Penn State researcher plays role in leukemia gene mutation discovery

May 18, 2012

HERSHEY, Pa. -- A gene mutation is an underlying cause of LGL leukemia, according to a study published in the May 17 edition of New England Journal of Medicine and co-authored by a Penn State Hershey Cancer Institute researcher.

Dr. Tom Loughran, director of Penn State Hershey Cancer Institute, who discovered LGL leukemia in 1985, was part of the multinational study based in Finland. LGL leukemia is a rare, malignant blood disease that often is related to autoimmune diseases such as rheumatoid arthritis. The cells use the body’s own immune system to attack the body. The cause of this disease has been unknown and it was unclear if the disease is an overreaction of the immune system or a malignant blood disease.

Researchers discovered that about 40 percent of patients with LGL leukemia have a mutation in the STAT3 gene that causes the gene to always be active. STAT3 plays a role in cell signaling pathways -- a cell’s way of communicating to perform basic functions. This mutation is not inherited, but is caused by an unknown reason, possibly chronic viral infection or some other longterm antigen exposure.

This finding could help in the diagnosis of patients with LGL leukemia and also in treatment. STAT3 inhibitor drugs currently are in early clinical trials.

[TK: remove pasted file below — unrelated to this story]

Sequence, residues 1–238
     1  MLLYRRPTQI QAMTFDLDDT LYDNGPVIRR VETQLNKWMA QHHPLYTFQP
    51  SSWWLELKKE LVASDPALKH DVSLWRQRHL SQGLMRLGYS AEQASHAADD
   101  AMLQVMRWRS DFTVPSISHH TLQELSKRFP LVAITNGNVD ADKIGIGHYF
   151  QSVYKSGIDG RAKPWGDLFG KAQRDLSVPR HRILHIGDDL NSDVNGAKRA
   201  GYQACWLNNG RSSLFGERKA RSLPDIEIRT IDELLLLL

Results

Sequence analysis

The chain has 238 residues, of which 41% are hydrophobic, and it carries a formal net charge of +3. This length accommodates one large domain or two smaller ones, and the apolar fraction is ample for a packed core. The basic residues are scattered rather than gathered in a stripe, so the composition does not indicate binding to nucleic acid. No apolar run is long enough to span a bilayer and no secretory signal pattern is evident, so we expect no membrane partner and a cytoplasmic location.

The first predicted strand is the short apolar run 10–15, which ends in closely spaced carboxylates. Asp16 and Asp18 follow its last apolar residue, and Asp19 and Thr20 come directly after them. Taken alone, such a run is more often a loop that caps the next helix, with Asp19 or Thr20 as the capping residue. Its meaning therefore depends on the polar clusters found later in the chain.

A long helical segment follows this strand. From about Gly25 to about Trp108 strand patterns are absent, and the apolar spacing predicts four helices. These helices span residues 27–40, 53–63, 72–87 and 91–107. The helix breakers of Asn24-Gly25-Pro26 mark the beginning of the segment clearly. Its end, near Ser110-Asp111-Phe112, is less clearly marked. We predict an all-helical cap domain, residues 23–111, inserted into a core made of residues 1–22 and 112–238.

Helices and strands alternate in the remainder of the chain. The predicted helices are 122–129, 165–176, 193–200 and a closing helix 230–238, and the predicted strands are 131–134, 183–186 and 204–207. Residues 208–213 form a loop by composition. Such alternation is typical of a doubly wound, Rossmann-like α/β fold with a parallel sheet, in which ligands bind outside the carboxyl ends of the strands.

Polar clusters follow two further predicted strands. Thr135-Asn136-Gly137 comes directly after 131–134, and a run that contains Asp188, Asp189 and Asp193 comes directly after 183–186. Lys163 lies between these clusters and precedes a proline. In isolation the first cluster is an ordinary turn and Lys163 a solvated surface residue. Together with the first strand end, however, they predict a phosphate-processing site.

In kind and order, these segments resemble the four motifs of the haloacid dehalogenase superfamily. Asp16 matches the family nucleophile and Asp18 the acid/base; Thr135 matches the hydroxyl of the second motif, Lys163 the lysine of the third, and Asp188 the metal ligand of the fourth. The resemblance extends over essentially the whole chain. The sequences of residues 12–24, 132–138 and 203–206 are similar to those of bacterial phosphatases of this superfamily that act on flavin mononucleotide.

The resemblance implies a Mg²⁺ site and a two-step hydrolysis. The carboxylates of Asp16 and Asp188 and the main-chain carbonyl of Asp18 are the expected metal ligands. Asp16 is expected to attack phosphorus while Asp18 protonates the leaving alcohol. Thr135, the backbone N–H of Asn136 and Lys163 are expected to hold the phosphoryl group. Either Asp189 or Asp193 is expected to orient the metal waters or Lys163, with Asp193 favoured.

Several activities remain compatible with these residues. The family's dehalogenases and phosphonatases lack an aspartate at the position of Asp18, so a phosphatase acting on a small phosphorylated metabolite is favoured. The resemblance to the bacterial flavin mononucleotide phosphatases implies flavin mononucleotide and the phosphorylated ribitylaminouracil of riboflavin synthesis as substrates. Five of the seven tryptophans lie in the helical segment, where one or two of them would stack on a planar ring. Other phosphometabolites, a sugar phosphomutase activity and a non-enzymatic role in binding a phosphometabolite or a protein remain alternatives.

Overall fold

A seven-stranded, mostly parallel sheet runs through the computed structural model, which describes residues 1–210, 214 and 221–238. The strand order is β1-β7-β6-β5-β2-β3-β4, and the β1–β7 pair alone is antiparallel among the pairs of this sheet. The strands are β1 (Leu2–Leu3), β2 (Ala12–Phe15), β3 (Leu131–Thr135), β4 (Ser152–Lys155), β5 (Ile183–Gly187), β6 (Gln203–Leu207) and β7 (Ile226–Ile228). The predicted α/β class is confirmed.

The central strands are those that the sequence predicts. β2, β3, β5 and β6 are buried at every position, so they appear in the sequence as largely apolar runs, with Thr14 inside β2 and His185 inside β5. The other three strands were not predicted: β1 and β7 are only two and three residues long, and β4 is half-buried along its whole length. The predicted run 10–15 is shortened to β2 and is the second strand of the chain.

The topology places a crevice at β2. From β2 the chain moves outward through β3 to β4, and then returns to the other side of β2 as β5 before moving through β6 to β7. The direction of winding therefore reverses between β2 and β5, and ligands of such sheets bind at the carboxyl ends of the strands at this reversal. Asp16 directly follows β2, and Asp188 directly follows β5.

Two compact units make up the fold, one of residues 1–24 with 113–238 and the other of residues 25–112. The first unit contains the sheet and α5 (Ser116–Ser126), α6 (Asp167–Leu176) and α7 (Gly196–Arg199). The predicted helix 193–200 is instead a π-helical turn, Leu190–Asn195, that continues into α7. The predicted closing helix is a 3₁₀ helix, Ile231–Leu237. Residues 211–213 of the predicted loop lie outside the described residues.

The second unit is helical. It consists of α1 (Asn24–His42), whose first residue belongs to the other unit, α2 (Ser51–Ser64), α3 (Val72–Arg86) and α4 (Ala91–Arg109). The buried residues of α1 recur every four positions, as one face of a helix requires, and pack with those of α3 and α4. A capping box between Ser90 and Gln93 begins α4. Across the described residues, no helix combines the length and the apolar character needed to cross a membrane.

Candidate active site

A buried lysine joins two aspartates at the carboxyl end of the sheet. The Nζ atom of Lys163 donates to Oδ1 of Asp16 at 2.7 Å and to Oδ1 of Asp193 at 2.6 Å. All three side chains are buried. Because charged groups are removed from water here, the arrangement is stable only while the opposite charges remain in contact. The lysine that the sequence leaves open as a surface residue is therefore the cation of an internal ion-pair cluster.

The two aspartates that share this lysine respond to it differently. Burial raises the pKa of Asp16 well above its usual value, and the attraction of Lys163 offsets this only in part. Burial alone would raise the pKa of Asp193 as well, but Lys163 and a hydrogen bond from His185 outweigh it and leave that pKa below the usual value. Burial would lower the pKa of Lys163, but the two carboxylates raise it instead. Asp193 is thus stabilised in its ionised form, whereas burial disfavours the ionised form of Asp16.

Next, researchers will conduct a study to see if patients with rheumatoid arthritis have similar gene mutations. Patients in the current study with LGL leukemia were found more likely to also have rheumatoid arthritis.

STAT3 gene is also abnormally expressed in other cancers and autoimmune disease.

Loughran worked with researchers of the University of Helsinki, Helsinki University Central Hospital and Institute for Molecular Medicine Finland (FIMM). Besides his extensive work with LGL leukemia and the discovery in 2001 of the STAT3 gene expression, Loughran helped provide a significant number of LGL patients for the study.

“It is really exciting to see fundamental discoveries being made in a disease that you discovered, with the promise of new approaches to treatment for an incurable illness,” Loughran said.

(Media Contacts)

Last Updated June 01, 2012